Figure 2

(A) Histological section of the frontal cerebral cortex and white matter of patient IV.7; the white matter shows a gradual decrease in myelin staining from the subcortical to the more central area. (B) Higher magnification of central white matter shows evenly distributed oligodendroglial cells with small, round, dark nuclei (see arrows) and absence of inflammation (combined luxol fast blue and haematoxylin-eosin (LFB-HE) staining).

Figure 3

(A) Histological section of the dorsal part of the pons in patient IV.7; note the symmetrical, spongy change in the area of the central segmental tract (see arrows). (B) Higher magnification of this tract shows pronounced microvacuolar change without gliosis or inflammatory infiltrate (combined LFB-HE staining).

LINKAGE DATA

Pedigree and clinical findings suggest that we are dealing with a novel X linked neurodegenerative disorder with mental retardation, blindness, convulsions, spasticity, mild hypomyelination, and early death.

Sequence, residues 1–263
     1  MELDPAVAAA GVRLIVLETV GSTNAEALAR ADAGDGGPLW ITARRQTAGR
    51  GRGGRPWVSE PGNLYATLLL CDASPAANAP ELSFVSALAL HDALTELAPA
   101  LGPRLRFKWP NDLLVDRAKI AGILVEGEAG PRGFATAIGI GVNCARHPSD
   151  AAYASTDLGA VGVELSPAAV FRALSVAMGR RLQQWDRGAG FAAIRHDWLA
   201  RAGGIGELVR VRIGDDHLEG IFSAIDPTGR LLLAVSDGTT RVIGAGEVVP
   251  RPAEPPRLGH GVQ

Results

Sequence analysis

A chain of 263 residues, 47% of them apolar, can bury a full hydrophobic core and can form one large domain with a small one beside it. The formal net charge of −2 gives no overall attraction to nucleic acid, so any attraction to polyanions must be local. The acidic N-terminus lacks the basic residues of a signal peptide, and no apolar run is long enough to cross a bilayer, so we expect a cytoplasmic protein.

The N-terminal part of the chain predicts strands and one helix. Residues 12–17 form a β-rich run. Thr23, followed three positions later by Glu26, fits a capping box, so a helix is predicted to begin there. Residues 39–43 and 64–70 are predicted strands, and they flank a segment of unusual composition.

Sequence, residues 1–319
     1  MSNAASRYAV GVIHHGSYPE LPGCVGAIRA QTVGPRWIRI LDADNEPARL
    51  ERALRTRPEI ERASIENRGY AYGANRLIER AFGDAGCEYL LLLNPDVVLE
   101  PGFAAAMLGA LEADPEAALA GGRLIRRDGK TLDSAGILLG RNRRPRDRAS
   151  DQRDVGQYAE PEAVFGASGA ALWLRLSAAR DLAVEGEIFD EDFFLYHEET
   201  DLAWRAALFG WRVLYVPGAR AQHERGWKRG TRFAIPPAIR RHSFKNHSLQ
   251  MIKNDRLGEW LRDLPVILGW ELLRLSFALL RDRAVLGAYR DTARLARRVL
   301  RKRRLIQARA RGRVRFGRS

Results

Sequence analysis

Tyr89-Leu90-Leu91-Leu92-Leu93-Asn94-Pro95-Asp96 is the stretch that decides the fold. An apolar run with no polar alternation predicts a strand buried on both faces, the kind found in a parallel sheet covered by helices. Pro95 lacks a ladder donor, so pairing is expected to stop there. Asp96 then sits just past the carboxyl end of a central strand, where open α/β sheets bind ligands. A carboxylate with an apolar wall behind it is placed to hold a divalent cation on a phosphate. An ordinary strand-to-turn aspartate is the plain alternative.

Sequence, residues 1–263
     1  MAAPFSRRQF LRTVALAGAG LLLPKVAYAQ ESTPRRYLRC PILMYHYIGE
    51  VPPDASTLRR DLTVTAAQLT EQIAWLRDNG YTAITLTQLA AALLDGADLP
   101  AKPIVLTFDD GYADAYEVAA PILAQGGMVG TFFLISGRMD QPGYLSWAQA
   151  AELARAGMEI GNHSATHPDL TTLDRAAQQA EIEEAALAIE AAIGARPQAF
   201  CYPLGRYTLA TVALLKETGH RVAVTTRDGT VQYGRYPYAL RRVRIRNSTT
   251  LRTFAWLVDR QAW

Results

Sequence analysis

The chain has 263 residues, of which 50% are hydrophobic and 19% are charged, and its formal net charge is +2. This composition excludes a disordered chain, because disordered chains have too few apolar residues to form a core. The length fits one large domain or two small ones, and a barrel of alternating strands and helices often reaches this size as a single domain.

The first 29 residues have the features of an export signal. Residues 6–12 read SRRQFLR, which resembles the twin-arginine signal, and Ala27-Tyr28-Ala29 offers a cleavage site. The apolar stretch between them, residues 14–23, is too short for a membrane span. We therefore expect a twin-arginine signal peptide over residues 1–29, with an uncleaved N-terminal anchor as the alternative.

To determine the location of the gene(s) involved, linkage analysis was performed with 34 highly polymorphic markers distributed along the entire X chromosome (table 1). Significant lod scores were obtained only with markers from the pericentromeric region. A maximum lod score of 3.30 at θ=0.0 was obtained with marker DXS1204. To locate the genetic defect more accurately, haplotypes were constructed with markers from the relevant region (fig 1). In this way, DXS337 and PGK1P1 were defined as closest flanking markers, spanning a distance of about 13 cM. Thus, our results show that the genetic defect underlying the neurodegenerative disorder in this family is located in the pericentromeric region of the X chromosome, Xp11.3-q12.

Table 1

Results of two point linkage analysis

Discussion